A few years ago I got to spend a few months riding Zipp’s Contour SL bar. It was the first carbon fiber handlebar I had ridden that weighed less than 200 grams and one of the more comfortable wing bars I’ve tried to date. It was stiffer than single-malt Scotch straight from the bottle.
Since then, I haven’t encountered many truly sub-200g bars. Lots of companies advertise that their super-light Ultrabar X weighs less than your conscience, but a simple fact distinguishes reality from marketing hype: mold. Well, the plural: molds.
Most companies producing bars in the 200-250g range are doing so because they produce all the bars in halves, trim the sections to length and then bond them to the clamp section. Three pieces. The extra weight comes from the overlapped carbon in the bonded areas.
All sub-200g road bike handlebars have in common monocoque construction. The key to producing one is machining a mold for each size and each bend. Given that carbon fiber handlebars start in cost around $250 and run upwards of $500, each new mold can run a few thousand dollars to cut, a company has to sell a shipping container’s worth of bars to recoup the development cost and turn a profit.
To achieve its low weight the Zipp engineers had to resort to what may seem like a bit of old tech. To combine ultra-low weight and race-worthy stiffness the engineers had to employ a round bar profile throughout its length—no cable grooves, no wing shape. The wing shape adds about 20g. My test bar weighed all of 177g.
zipp_bar_dropsWith the SL bar, the company’s lightest offering, riders can choose from four widths (38, 40, 42 and 44cm c-c) and three different bends (traditional, ergo and compact). That’s 12 molds total. It’s a significant commiment to fit and comfort at the high end of the market.
My review bar was the 42cm compact (or as they call it, short and shallow). No matter what you call it, the compact bend, when compared to more traditional bars, reduces both reach and drop, usually in the range of a half to a full centimeter. While I’ve heard some riders deride the compact bar for making your drop position as the same as your bar top position, anyone who has compromised flexibility (rhymes with 40th birthday) can appreciate three usable hand positions. Unless you are still racing, comfort rates more highly than aerodynamics, and three usable positions is a winner.
This was my first experience with a compact bend and the big thing I noticed was how easy it was to ride in the drop position after having spent time on the hoods. The short drop from the hoods to the drops is easy to manage four hours into a ride when my hamstrings start to tighten up.
What I found most unusual about the short and shallow drop was the bend of the drop. The traditional bend is a bar that has fallen out of favor with product managers, but not with pros. No less than Lance Armstrong still runs a traditional bend bar on his bike. I prefer the ergo bend, but found the short and shallow to be a most unusual compromise. The bar bend isn’t as tight as a traditional, but because it doesn’t flatten out the way an ergo bend does, you don’t turn your wrist when in the drops. On the off-chance you may not have noticed, when using a traditional bend bar, your hands don’t bend at the wrist when using the drops, but when using an ergo bend, you hands bend sharply at the wrist. Anyone who has ever had carpal tunnel syndrome can tell you ongoing road shock makes ergo bars hell due to the wrist bend.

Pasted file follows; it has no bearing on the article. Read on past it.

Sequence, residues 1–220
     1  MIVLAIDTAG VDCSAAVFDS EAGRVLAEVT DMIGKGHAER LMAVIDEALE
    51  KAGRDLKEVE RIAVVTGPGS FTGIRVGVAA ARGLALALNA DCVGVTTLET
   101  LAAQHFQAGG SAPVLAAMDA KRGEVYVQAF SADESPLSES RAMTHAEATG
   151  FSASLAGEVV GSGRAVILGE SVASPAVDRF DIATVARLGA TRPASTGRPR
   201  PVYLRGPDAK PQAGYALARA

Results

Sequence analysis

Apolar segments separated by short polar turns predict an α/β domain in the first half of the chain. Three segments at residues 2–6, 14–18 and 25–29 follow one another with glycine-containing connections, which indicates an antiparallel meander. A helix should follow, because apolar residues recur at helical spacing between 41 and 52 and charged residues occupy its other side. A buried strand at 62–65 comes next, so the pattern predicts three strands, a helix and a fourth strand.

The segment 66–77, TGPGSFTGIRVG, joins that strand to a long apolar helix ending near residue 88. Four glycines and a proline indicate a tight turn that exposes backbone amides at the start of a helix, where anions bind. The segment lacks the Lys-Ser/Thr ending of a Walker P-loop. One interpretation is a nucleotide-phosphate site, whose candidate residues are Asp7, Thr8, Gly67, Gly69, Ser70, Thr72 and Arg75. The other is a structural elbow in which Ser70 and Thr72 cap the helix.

It took me a few weeks to get accustomed to the different bend. It seemed to reduce the reach to the levers a bit (I couldn’t figure out a decent way to measure this) and gave me a very comfortable position for descending. Under hard sprinting the bar felt unusually stiff, if not the stiffest bar I’ve used, then easily in the top three.
I assume the SL stands for Super Light. If so, mission accomplished. Price-wise, the bar sits squarely in the middle of the price range of carbon bars at $375. So the tally is: very light (lightest?), very stiff (stiffest?) and not most expensive. I like those numbers.
A few words about the SL145 stem: I’ve used a few different carbon fiber stems that have a certain amount of flex. While I don’t mind vertical flex in a stem due to the comfort it can bring, I never notice flex in that plane. What I notice is twist when I grab the levers and stand up. Years ago I had a very light, very trick titanium quill stem that twisted like Chubby Checker.
The Zipp SL145 doesn’t twist. At all. I’ve ridden it in the 120 and 130mm lengths and couldn’t detect any change in flexibility. Zipp reports the stem is made from 50 different pieces of carbon fiber in order to achieve its combination of stiffness and low weight (my 120mm weighed 152g). It retails for a cool $200.
My only criticism of the stem is the face place. I live near the ocean and occasionally I encounter an aluminum part with what is in my view substandard plating. I’ve ridden this two copies of this stem and despite judicious cleaning, my time near the beach has caused the face plate to corrode and the plating to flake off with fewer than six months of riding. For 90 percent of the country, this won’t be an issue, but those of us who live near salt air will find this phenomenon frustrating. Zipp needs to offer either replacement face plates or—better yet—they need to improve the plating on the face plate.
Taken as a whole, the SL bar and SL145 stem are truly exceptional. Light enough to keep climbers happy, stiff enough to keep the sprinters jazzed and with enough fit choices to satisfy the fussiest fit, they are a formidable combination, an inarguable choice for any rider determined to find the optimal combination of fit, comfort, stiffness and weight without having to pay top dollar.